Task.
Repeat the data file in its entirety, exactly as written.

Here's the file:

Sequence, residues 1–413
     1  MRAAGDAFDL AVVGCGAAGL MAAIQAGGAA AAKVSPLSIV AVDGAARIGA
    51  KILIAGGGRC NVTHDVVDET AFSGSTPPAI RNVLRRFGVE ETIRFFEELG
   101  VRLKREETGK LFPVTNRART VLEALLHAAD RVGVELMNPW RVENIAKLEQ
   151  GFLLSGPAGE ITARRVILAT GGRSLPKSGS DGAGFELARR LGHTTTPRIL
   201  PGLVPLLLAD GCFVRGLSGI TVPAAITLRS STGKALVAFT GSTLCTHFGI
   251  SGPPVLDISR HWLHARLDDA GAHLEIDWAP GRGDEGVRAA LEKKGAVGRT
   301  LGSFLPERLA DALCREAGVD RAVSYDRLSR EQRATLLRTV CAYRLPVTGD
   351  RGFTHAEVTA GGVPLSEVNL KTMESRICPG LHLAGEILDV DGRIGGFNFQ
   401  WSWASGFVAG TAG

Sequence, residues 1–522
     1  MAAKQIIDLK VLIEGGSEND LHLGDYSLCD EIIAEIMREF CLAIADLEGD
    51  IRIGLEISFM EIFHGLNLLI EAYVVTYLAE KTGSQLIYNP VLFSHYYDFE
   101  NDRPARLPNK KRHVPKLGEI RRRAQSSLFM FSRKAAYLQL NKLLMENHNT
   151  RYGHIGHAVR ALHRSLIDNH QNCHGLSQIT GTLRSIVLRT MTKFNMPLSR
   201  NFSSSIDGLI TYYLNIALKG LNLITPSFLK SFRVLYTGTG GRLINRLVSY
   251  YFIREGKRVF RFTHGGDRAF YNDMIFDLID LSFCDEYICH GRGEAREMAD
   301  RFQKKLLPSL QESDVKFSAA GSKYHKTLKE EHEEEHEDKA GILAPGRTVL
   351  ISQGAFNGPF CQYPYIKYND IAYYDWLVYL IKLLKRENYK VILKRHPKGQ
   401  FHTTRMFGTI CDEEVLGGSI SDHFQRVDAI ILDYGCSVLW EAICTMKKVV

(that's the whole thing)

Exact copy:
Sequence, residues 1–413
     1  MRAAGDAFDL AVVGCGAAGL MAAIQAGGAA AAKVSPLSIV AVDGAARIGA
    51  KILIAGGGRC NVTHDVVDET AFSGSTPPAI RNVLRRFGVE ETIRFFEELG
   101  VRLKREETGK LFPVTNRART VLEALLHAAD RVGVELMNPW RVENIAKLEQ
   151  GFLLSGPAGE ITARRVILAT GGRSLPKSGS DGAGFELARR LGHTTTPRIL
   201  PGLVPLLLAD GCFVRGLSGI TVPAAITLRS STGKALVAFT GSTLCTHFGI
   251  SGPPVLDISR HWLHARLDDA GAHLEIDWAP GRGDEGVRAA LEKKGAVGRT
   301  LGSFLPERLA DALCREAGVD RAVSYDRLSR EQRATLLRTV CAYRLPVTGD
   351  RGFTHAEVTA GGVPLSEVNL KTMESRICPG LHLAGEILDV DGRIGGFNFQ
   401  WSWASGFVAG TAG

Sequence, residues 1–522
     1  MAAKQIIDLK VLIEGGSEND LHLGDYSLCD EIIAEIMREF CLAIADLEGD
    51  IRIGLEISFM EIFHGLNLLI EAYVVTYLAE KTGSQLIYNP VLFSHYYDFE
   101  NDRPARLPNK KRHVPKLGEI RRRAQSSLFM FSRKAAYLQL NKLLMENHNT
   151  RYGHIGHAVR ALHRSLIDNH QNCHGLSQIT GTLRSIVLRT MTKFNMPLSR
   201  NFSSSIDGLI TYYLNIALKG LNLITPSFLK SFRVLYTGTG GRLINRLVSY
   251  YFIREGKRVF RFTHGGDRAF YNDMIFDLID LSFCDEYICH GRGEAREMAD
   301  RFQKKLLPSL QESDVKFSAA GSKYHKTLKE EHEEEHEDKA GILAPGRTVL
   351  ISQGAFNGPF CQYPYIKYND IAYYDWLVYL IKLLKRENYK VILKRHPKGQ
   401  FHTTRMFGTI CDEEVLGGSI SDHFQRVDAI ILDYGCSVLW EAICTMKKVV